This point was brought home to me once again as I reviewed HP's Mini 5101 netbook, which the company pitches as a "Business Netbook." The machine raised as many questions as it answered:
- Just what does it mean to be a business netbook?
- Are businesses really buying netbooks?
- What are businesses, of all sizes, doing with the netbooks they have?
- Are they getting benefits out of them?
Just like these questions, netbooks aren't going away. A recent study by NPD's DisplaySearch says netbook sales were up 264% percent in the 2nd quarter of 2009, compared to a year earlier.
Don't Miss: Review: HP Mini 5101 Is A "Business Netbook"
But are they finding homes in businesses? After months of looking, I've found very little data on how many of those netbooks are going into business settings. One reason might be that with sub-$500 price points, organizations may be slipping in a few netbooks under the radar as operational expenses, without intruding into capital budgets.
The best data point so far is a recent InformationWeek Analytics survey that reveals 36% of respondents already use netbooks in their organizations, and that figure grows to 72% of companies within 2 years. But only 9% currently have extensive use of netbooks, and that figure doesn't even hit 20% in 2 years.
Those numbers jibe with a recent Chadwick Martin Bailey study noted in a Christian Perry story in Processor.com, where a majority of IT decision makers said "netbooks could find a home in their organizations for employees who travel or require mobility services. On the other hand, only a small number of respondents said they would deploy netbooks on a wide scale."
It could just be that we're earlier in the adoption cycle. Processor.com quotes Rob Cheng, CEO and co-founder, PC Pitstop:
"It is still early in the market development of netbooks, but we believe that the prospects in the enterprise environment are strong. Our research shows that netbook adoption in business is significantly behind that of the consumer market. However, the factors driving netbook adoption [in the consumer space] will be the same ones that drive the corporate acceptance. Netbooks are the perfect combination of great price and portability. It is not the solution for all corporate needs, but ultimately, netbooks will establish a strong position in companies that use laptops for travel and communication purposes.”
In another Processor.com piece, Perry quotes Frost & Sullivan analyst James Brehm connecting the adoption of cloud computing and netbooks:
“In this instance, netbooks are a good, almost perfect solution. Second, for jobs that don’t require a lot of mathematical computations [or] database or spreadsheet activity, netbooks are a fine solution. Third, because of the price point, netbooks are almost a disposable solution when compared to ruggedized or semi-rugged notebooks.”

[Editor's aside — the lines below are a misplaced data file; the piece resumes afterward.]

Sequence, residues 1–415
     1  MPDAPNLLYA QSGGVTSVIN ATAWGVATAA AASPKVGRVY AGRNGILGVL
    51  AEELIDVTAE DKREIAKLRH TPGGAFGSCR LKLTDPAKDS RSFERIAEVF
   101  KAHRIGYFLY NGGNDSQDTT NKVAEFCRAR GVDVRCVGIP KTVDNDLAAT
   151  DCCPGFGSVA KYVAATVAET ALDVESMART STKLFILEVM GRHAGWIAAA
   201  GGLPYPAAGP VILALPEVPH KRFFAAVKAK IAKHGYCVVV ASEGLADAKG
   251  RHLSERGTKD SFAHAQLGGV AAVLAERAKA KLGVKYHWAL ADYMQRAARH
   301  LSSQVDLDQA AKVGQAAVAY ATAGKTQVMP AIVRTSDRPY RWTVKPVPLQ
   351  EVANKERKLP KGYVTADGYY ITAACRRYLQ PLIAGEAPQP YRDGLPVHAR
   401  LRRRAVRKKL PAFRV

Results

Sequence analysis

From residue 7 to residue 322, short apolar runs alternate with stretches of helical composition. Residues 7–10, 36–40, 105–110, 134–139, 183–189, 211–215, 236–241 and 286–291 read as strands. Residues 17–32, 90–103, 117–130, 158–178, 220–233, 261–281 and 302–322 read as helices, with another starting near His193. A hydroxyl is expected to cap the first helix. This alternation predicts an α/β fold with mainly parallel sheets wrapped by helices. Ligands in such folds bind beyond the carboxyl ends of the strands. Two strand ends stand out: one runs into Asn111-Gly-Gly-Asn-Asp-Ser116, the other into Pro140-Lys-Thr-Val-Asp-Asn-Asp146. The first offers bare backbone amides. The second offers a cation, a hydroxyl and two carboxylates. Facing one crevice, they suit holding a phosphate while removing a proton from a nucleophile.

Ironically, netbooks' very limitations could make them attractive to businesses. In a recent InformationWeek Analytics report -- The New Option: Netbooks Challenge Notebooks’ Dominance -- author Mike Healey said: "Call us heartless, but if a netbook can stream a video, work on Office documents, and get on the Web, who cares if it can't serve as a backup site for a user's Nirvana bootlegs," adding, "Can we get an 'amen' for productivity gains?"
Healey also suggests that businesses might be able to use netbooks to replace pricey e-mail and data access functionality on smartphones, relying on free Wi-Fi connections instead. An interesting idea, perhaps, but I have yet to hear of any company doing that. Notebooks are simply not as accessible as smartphones in many situations.
Meanwhile, another entry point for netbooks into businesses could be those companies -- like Citrix Systems -- that have BYOPC (Bring Your Own PC) policies.
Or maybe it's just a matter of positioning: Don Ryan, vice president of technology and media for TNS North America told Processor.com, "Until HP and Dell decide that a netbook fits into an enterprise environment, the market will be slow to take off in this segment.”
As noted above, that's already starting to happen with devices like the HP Mini Note 5101.
Despite all the rhetoric, it seems pretty clear that the vast majority of netbooks are still being sold into consumer applications. For now, businesses seem to be buying netbooks mainly as test units or for niche uses based on the need for extreme portablity or cost considerations. Popular niches include military and police forces, and especially education. After all, those kids still have keen eyes and small fingers -- perfect for netbooks' tiny screens and cramped keyboards!
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